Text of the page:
The Longing: Wait is a Verb

Having seen the “birthday present”, I did wind up taking mild hints on the mysterious door. I don’t feel too bad about this because it’s clear that this whole endeavor is optional, unrelated to the project of escape. There were two parts I was stuck on — obtaining the key, and finding the door again — and both of them turned out to be linked to transient events that occur once in every 24-hour cycle. That’s 24 hours game time, which means that if you know when the events are scheduled to occur, you can spend most of the wait at home, where time goes faster. But without hints, the only way to know when the events occur is to observe them. So the honest way to solve these puzzles would be to think “This seems like an important place. Let’s just sit here for an entire day and see if anything happens.” Which might be unreasonable for a critical path puzzle, even in a game themed around waiting, but, again, this is all in pursuit of an optional secret.

The mysterious door leads to a small room, essentially just a forgotten storage closet, containing a couple more books, a large portrait of the King which presumably goes in the Shade’s home with all the other decorations, and a tall crystal that by now I recognize as the important thing for the secret. More importantly, however, it pulls another prank on the player, like the business with breaking your first mattock. The mysterious door only appears for a little while. It might be possible for the prepared player to go through, grab all the loot, and leave before the door vanishes again, but it’s really set up to take you by surprise and leave you stranded in a doorless closet for 24 real-world hours until the door reappears again. The Shade himself, reacting with his customary sense of resignation, recognizes this as basically just a miniature version of the rest of his life.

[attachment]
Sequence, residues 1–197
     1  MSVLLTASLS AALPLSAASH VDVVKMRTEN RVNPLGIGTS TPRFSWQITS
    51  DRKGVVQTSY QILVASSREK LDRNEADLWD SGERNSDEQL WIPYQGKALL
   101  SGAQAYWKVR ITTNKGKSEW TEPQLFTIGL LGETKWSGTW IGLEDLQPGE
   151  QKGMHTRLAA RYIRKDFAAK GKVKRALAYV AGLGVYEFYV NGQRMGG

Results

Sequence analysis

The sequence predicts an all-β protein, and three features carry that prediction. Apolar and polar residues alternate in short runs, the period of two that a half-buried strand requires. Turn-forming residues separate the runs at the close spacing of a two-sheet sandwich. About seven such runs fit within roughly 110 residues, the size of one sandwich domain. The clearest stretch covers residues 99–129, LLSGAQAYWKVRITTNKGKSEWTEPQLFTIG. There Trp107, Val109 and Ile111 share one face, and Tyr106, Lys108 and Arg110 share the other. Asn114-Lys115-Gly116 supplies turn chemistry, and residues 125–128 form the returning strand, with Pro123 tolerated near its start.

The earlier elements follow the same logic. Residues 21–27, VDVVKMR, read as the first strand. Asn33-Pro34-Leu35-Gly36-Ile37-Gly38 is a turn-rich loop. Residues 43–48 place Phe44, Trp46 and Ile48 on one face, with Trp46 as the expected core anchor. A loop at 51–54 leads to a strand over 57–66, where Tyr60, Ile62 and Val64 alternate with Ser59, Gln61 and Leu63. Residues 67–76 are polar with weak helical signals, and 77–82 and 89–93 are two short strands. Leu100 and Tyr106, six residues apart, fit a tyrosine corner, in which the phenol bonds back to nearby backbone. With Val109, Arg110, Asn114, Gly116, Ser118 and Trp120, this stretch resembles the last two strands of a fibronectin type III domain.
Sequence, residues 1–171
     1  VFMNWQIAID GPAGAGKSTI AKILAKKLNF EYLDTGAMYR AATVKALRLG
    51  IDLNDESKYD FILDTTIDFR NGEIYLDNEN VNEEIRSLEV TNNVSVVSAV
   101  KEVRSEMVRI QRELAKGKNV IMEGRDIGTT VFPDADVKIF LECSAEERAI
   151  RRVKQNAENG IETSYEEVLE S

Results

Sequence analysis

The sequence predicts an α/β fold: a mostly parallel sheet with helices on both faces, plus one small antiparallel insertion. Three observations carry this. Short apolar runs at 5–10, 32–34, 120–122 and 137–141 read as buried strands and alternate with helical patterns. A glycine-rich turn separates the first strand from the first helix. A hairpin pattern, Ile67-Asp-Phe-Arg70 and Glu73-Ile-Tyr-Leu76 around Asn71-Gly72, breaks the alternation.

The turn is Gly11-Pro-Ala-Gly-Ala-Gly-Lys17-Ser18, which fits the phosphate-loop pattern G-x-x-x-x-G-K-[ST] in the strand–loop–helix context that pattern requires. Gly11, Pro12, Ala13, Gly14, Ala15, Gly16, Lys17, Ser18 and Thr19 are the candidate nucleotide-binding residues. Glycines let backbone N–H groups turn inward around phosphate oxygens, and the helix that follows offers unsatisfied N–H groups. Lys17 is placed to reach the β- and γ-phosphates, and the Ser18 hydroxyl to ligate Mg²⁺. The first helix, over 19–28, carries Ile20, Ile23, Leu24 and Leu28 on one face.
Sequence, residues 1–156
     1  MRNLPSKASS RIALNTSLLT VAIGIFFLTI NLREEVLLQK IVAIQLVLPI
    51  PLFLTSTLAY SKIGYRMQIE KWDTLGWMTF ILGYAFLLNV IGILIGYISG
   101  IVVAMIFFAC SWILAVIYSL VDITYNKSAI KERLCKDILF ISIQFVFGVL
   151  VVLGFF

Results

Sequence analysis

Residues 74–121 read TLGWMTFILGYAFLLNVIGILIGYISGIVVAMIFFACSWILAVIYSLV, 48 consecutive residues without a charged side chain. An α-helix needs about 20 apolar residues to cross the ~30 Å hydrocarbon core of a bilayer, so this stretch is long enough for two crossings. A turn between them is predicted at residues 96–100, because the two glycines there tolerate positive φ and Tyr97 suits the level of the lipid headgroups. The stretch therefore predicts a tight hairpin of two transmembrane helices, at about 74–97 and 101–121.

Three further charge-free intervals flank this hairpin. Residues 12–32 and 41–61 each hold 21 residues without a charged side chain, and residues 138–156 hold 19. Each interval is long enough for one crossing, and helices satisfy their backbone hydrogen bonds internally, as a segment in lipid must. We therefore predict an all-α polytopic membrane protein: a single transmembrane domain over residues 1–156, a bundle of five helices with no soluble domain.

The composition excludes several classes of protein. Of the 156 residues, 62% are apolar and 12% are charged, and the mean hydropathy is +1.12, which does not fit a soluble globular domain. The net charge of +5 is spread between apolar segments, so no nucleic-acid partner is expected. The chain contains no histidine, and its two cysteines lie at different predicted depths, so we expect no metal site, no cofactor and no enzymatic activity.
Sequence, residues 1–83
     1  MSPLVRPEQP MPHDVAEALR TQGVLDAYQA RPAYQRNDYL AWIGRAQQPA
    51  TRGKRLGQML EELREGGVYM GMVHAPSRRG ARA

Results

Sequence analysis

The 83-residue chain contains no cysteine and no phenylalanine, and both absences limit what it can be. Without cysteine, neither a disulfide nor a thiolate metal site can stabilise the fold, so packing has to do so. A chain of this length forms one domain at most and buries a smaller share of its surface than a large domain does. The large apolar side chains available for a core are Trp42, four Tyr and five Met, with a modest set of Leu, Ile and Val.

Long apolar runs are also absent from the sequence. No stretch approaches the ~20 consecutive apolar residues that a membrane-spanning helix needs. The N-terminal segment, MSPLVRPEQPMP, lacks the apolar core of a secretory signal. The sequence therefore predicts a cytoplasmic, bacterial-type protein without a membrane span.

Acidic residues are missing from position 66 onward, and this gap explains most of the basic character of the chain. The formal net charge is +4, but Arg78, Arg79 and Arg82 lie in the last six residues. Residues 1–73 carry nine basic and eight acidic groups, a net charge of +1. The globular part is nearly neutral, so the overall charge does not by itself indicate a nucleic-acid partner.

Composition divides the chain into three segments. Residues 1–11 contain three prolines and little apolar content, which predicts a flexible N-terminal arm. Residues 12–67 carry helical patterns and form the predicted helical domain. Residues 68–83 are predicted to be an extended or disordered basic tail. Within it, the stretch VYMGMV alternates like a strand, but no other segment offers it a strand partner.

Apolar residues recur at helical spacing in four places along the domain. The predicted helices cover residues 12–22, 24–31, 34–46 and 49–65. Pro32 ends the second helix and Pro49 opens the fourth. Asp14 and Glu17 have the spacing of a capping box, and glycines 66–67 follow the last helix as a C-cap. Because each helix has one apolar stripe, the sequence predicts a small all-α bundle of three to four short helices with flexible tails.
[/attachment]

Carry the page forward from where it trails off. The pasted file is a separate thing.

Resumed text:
And this whole adventure made me realize: If there’s one thing that I’ve come to admire about this game, it’s the devotion to exploring its theme. It doesn’t just make you wait for 400 days, it comes up with various different kinds of waiting, with different feels. Waiting in different contexts, for different purposes; waits of minutes, hours, weeks; one-time waits and repeated waits; waits that you can shorten and waits that you can’t; waits where you can go and do other stuff while you’re waiting, and waits where you have to stay in once place; waits you initiate deliberately and waits that are forced on you. It’s a style of game design we’ve all seen before — Nintendo in particular has been praised for their ability to create entire game franchises out of the appeal of a single verb, starting by filling in the blank in the sentence “It’s fun to _____”. Mario is based on the verb “jump”, Zelda on “explore”, Pokémon on “collect”. But The Longing chooses the verb “wait”, which isn’t ordinarily regarded as fun at all.

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